Glaze icing, for me, is powdered sugar, corn syrup and a little milk. It is easier and, in my opinion, tastier than its royal counterpart. I don’t usually use it though because it is stickier than royal and when shipping you don’t want any stickiness, also royal dries to a perfectly smooth matte finish while glaze retains some shine. Personal preference, I guess.
These cookies were dry by the next morning, so I wrapped them up and shipped them out on Wednesday to be there Friday.
They ended up arriving on-time, thank you USPS Expedited shipping and she got them in time for the big game, which the Longhorns won, btw.
So, what happened with my royal icing? The past 2 times I have used it for flooding I have experienced some drying issues. There is no humidity in my house this time of year with the heat running constantly, so I knew that wasn’t the problem.
The cookies did, finally, dry after 3 nights under fans.
I ended up taking the leathery-longhorns to my son’s Tiger Scout meeting. I figured the kids wouldn’t car what the icing looked like! I will admit the leathery finish on them was a neat texture…IF it was on purpose.
Not only did they look weird, the icing was crumbly and strange.
Over the holidays I only used the glaze icing to flood for fear that I would encounter another longhorn incident. The royal that I did make I used for piping and outlining, which worked great! My question to you is have you ever had this happen? Not drying, leathery outcome?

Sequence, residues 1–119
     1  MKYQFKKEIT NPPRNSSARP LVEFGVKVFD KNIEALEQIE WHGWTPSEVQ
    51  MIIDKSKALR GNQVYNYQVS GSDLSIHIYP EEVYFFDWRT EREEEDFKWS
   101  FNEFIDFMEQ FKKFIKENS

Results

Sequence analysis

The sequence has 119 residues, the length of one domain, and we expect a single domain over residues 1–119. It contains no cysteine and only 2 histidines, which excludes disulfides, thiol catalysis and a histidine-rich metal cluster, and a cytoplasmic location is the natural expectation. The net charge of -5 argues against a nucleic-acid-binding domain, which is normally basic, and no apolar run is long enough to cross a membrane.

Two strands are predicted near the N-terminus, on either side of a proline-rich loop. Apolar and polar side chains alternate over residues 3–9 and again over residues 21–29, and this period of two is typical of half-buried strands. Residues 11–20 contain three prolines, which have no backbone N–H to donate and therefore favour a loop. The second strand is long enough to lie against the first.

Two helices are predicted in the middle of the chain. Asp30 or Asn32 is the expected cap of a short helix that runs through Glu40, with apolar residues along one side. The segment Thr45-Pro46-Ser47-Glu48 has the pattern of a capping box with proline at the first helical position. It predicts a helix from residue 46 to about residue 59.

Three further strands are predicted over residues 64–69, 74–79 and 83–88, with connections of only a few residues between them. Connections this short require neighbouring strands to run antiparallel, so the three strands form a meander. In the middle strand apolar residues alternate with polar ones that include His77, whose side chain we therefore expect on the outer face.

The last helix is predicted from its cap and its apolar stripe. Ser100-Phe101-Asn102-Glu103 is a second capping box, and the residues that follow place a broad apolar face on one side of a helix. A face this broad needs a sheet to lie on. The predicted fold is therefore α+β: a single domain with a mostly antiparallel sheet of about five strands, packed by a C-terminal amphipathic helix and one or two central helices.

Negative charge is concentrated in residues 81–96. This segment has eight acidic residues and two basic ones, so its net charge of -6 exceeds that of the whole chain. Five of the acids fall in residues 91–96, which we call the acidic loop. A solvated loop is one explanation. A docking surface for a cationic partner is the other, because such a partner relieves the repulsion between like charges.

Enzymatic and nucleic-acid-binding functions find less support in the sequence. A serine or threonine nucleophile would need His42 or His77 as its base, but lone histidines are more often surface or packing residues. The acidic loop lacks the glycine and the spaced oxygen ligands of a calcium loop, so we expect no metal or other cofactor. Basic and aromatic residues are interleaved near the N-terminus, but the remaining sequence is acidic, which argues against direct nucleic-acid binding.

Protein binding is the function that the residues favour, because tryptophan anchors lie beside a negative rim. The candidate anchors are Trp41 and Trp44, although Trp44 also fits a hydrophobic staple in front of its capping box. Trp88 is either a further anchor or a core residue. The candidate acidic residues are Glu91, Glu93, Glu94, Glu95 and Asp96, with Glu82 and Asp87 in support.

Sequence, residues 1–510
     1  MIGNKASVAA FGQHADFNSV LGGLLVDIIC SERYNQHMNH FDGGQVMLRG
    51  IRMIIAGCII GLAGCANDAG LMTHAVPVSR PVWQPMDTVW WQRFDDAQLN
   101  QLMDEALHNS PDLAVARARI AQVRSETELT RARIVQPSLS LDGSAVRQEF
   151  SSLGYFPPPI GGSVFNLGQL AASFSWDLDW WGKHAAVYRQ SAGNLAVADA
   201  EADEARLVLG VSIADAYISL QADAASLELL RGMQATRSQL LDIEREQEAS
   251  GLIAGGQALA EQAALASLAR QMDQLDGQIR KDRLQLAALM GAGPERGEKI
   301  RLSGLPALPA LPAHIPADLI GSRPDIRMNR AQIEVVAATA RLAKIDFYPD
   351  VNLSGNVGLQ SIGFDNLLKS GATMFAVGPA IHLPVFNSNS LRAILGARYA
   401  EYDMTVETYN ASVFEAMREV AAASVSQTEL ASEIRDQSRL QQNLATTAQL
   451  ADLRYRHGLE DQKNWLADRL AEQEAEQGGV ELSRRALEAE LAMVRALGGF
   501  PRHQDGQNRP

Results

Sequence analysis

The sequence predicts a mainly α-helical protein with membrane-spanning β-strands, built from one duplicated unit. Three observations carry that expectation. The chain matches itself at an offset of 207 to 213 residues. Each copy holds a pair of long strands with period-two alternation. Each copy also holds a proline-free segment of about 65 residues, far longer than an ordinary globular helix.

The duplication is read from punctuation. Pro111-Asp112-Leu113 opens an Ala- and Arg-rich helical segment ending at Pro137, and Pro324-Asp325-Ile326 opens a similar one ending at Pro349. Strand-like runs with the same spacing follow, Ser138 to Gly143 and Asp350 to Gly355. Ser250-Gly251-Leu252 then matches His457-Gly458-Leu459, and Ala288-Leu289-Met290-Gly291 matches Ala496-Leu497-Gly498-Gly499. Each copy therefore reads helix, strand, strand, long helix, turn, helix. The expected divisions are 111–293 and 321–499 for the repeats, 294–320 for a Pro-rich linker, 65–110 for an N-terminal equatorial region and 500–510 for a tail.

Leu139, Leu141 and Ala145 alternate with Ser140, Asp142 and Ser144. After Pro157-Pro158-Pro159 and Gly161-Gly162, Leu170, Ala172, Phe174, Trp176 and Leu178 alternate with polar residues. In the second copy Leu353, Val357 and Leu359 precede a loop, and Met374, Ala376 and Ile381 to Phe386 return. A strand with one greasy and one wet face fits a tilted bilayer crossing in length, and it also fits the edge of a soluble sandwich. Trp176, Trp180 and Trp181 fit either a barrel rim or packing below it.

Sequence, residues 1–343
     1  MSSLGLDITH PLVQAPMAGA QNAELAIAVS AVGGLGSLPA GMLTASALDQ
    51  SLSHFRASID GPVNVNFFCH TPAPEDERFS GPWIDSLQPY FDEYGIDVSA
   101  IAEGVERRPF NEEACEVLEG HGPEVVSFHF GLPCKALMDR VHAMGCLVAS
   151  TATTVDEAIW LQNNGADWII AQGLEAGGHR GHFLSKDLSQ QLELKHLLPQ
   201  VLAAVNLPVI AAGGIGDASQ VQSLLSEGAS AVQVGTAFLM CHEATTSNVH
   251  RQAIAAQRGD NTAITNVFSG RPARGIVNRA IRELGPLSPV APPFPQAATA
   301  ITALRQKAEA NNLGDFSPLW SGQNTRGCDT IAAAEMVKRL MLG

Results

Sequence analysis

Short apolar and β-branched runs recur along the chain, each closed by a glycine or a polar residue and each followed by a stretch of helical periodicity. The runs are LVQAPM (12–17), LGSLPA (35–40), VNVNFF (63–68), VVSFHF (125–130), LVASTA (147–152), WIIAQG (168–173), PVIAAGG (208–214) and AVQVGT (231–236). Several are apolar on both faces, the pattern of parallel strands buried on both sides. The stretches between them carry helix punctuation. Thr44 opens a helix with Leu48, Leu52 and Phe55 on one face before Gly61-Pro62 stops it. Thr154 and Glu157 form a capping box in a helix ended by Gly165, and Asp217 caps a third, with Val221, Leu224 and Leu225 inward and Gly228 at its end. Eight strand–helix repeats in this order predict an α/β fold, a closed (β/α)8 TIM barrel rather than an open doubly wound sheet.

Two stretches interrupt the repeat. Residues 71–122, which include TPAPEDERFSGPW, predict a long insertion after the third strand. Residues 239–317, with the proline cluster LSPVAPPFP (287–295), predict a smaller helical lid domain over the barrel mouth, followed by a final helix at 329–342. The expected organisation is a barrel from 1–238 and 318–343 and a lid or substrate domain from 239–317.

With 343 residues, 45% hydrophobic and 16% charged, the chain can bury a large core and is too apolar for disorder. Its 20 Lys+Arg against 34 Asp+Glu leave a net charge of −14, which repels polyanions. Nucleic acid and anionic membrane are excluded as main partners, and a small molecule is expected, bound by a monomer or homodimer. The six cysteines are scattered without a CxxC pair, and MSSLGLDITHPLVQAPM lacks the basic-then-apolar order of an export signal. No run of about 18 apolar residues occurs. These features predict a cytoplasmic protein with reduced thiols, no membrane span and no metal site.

Let me know that I am not alone!!!

Hi! I’m Shelly and I’m an addict. Of the buttercream sort. I started this site a few years ago as a way to justify my sugary, buttery obsession with desserts. It has worked out well for me so far, because as it turns out you guys all love sugary, buttery desserts too! It feels good to know you're not alone, doesn’t it?

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55 Responses
  1. Sue Sparks

    No, that hasn't happened to me yet. Do you think the meringue powder was "old"? Of course I'm sure it has a looooong shelf life! As you said, the leather look probably looks OK for a longhorn:) Well, hopefully you don't encounter such a problem again, and I'm glad it worked out well in the end! πŸ™‚ Happy New Year!